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Authorities blockade Chinese town rebelling over land dispute

Thursday, December 15, 2011

Villagers in the Chinese town of Wukan are now in open revolt as, in the fourth month of their land dispute with the government, they expelled all Communist Party officials. Last Sunday they also repelled an attempt by around a thousand police to retake the town using tear gas and water cannons.

Logo of Country Garden (Holdings) Ltd., who bought Wukan land in an allegedly illegal sale by local officials.

Negotiations were previously ongoing over the land dispute with villagers claiming farmland was taken, and sold to private developers Country Garden, with no compensation provided to locals. However, recent remarks over the legality of the initial protests in September by a county-level spokesperson prompted a return to street protests last week in the Guangdong province town.

Mass-protests on economic grounds are frequent in China. An average of around 15,000 protests occur each month. Local officials are frequently accused of requisitioning land, using police and thugs to intimidate rural farmers and complete — often illegal — evictions. Following this, and as seems the case in Wukan, the land is sold on to local developers and entrepreneurs with no compensation paid to the evicted.

When rioting began this September in Wukan, State news agency Xinhua said that eleven investigations into forced evictions which had led to violent protests were underway. A total of 31 local officials were facing potential criminal charges, with the reported cases of land grabs a mix of "illegal" and "badly executed" evictions. In at least one case, a forced eviction resulted in the death of a 48-year-old woman.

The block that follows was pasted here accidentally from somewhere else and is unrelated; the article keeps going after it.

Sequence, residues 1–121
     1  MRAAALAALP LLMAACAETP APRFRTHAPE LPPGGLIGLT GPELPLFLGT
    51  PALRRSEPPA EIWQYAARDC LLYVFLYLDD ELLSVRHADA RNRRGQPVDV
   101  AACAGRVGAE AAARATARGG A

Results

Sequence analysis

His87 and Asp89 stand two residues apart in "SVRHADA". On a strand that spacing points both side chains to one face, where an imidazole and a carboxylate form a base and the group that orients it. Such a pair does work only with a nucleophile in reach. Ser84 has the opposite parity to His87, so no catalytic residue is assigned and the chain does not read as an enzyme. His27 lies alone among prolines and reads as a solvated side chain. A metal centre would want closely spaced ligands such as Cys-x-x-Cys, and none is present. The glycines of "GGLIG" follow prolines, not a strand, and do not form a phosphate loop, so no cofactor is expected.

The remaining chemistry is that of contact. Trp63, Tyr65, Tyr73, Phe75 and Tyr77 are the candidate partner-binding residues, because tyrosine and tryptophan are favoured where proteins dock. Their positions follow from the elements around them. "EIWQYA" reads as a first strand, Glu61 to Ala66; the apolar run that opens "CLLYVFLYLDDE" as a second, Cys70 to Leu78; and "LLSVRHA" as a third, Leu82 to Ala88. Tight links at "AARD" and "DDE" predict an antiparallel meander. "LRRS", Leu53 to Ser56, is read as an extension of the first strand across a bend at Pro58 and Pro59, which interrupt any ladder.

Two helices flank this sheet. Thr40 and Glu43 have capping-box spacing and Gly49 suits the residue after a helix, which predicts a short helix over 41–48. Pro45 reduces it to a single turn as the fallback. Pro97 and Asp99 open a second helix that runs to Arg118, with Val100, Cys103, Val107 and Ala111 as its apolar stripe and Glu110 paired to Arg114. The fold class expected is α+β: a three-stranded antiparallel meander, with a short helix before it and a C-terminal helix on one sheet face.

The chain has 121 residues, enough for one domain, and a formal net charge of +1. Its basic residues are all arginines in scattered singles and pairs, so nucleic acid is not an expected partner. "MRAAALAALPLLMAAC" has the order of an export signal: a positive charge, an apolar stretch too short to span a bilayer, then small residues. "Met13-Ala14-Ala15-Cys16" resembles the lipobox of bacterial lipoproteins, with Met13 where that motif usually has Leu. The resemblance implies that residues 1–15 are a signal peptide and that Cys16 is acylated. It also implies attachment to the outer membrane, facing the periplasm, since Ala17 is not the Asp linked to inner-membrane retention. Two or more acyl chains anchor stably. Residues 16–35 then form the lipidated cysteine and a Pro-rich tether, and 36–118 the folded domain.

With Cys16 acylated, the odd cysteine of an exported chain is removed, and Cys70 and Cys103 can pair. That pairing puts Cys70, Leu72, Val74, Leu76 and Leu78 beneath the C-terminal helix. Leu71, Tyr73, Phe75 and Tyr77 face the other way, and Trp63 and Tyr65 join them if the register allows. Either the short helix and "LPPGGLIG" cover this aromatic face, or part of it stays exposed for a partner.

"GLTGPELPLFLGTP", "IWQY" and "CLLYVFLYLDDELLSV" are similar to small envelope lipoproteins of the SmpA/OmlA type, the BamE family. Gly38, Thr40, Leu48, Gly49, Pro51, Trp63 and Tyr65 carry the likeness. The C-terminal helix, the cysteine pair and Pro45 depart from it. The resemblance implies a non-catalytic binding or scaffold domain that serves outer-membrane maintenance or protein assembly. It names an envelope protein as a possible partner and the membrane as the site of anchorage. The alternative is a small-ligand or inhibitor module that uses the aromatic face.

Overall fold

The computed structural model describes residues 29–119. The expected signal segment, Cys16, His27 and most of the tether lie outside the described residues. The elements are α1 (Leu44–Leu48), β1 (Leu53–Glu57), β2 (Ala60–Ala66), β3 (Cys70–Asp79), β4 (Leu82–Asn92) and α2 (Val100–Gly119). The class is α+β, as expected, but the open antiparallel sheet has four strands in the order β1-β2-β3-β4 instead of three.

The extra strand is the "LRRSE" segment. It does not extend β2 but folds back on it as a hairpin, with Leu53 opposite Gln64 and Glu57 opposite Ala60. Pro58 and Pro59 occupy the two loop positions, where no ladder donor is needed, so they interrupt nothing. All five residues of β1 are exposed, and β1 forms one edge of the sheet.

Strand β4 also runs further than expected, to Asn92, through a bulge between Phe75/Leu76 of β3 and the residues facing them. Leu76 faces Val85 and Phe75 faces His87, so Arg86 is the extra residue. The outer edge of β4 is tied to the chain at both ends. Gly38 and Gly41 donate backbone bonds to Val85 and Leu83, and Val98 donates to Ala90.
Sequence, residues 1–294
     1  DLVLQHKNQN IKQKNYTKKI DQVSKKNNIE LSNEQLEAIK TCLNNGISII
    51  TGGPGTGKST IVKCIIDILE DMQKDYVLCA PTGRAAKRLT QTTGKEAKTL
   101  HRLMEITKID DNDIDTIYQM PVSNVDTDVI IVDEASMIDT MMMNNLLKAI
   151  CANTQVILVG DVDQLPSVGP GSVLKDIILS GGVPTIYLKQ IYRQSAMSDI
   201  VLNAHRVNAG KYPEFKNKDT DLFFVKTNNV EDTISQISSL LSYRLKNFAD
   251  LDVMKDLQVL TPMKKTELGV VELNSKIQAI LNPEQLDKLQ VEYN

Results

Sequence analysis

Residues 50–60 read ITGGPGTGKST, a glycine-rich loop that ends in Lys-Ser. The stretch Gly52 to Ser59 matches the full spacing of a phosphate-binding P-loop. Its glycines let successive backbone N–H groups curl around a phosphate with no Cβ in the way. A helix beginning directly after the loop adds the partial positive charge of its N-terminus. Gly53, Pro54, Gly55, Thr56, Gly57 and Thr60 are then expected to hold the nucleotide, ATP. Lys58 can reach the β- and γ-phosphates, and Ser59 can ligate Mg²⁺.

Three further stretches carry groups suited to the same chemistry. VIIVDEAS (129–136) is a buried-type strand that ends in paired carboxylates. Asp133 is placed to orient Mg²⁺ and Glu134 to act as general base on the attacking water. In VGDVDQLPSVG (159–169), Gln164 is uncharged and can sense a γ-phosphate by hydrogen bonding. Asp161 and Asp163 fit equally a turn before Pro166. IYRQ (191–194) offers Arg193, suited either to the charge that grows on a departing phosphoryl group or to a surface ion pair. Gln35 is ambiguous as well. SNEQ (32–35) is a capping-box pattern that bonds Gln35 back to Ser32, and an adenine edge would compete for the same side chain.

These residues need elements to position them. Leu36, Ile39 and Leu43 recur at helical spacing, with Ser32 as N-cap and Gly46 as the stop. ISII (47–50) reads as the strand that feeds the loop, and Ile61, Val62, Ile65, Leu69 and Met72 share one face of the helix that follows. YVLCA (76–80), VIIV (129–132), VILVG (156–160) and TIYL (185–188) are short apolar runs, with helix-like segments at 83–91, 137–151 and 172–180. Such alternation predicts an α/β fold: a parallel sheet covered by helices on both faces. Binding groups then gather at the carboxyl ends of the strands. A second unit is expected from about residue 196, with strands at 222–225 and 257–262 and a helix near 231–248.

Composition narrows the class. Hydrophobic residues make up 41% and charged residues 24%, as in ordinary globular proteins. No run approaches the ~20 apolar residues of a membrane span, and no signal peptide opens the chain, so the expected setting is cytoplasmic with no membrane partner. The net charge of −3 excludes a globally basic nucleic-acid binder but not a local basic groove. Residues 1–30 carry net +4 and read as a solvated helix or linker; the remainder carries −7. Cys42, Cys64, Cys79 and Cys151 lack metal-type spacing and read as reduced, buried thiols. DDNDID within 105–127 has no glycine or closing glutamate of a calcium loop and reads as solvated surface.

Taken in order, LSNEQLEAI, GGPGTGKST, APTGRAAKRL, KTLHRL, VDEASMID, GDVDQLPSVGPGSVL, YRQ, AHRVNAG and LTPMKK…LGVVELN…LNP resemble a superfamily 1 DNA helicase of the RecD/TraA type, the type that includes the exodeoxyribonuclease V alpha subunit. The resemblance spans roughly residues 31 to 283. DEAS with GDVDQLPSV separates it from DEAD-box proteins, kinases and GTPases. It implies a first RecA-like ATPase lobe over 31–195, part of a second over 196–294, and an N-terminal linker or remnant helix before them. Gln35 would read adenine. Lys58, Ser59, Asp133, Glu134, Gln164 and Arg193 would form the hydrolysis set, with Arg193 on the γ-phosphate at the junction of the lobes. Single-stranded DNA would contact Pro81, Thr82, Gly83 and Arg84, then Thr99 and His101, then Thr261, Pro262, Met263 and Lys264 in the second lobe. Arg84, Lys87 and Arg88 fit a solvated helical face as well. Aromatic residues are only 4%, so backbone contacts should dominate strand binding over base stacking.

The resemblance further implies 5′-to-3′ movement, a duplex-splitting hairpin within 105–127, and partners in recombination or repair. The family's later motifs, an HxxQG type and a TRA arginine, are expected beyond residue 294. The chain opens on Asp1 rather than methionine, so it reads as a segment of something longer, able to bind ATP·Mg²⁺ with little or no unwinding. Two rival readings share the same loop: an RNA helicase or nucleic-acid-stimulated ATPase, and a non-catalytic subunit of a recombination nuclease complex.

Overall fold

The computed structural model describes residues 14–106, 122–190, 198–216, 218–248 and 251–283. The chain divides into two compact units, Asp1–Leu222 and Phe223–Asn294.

Following on from the days of rioting over the land-grab in September, and the police's ruthless retaking of the town of 20,000, Lufeng county government officials — in an exceptional move — commenced negotiations with representatives chosen by the villagers themselves. Until, that is, last week after a local official asserted the town's chosen negotiators were helping "overseas forces that want to sow divisions between the government and villagers." This prompted a resumption of protesting — including a sit-in by the villagers.

Plain-clothes police mounted an operation against the villagers last Friday, capturing five of the town's thirteen chosen representative–negotiators. Amongst those seized was 42-year-old Xue Jinbo, who died in custody on Sunday. Villagers, including Xue's 24-year-old son-in-law, claim he was tortured and that, when visiting the funeral home where the body is being held, his corpse was bloody and bruised, and his thumbs broken. Xinhua disputes these claims, asserting the cause of death was a heart attack; and, that this occurred following Xue confessing to criminal involvement with the September rioting.

News of the uprising in Wukan is subject to censorship in China media — including through online censorship of micro-blogging sites. The BBC reports Sina Weibo, the Chinese hybrid–equivalent of Twitter and Facebook, returns the message: "According to relevant law, regulations and policies, search results for Wukan cannot be displayed" when a search for the town's name is made. It is being suggested that Chinese web users have switched to using the tag "WK", which can be taken as an abbreviation of either "Wukan" or "What is going on?" And, at-present the English-language website for Xinhua returns no search results for "Wukan", and none that are relevant to the revolt when searching for the province name, "Guangdong".

Now under-siege from police, food and water are not being allowed into the town by Communist authorities, and residents are being prevented from leaving. Some town residents reportedly say they are able to obtain supplies from neighbouring villages, but it has also been reported Wukan only has enough supplies to last about ten days.


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This article features first-hand journalism by Wikinews members. See the collaboration page for more details.
This article features first-hand journalism by Wikinews members. See the collaboration page for more details.

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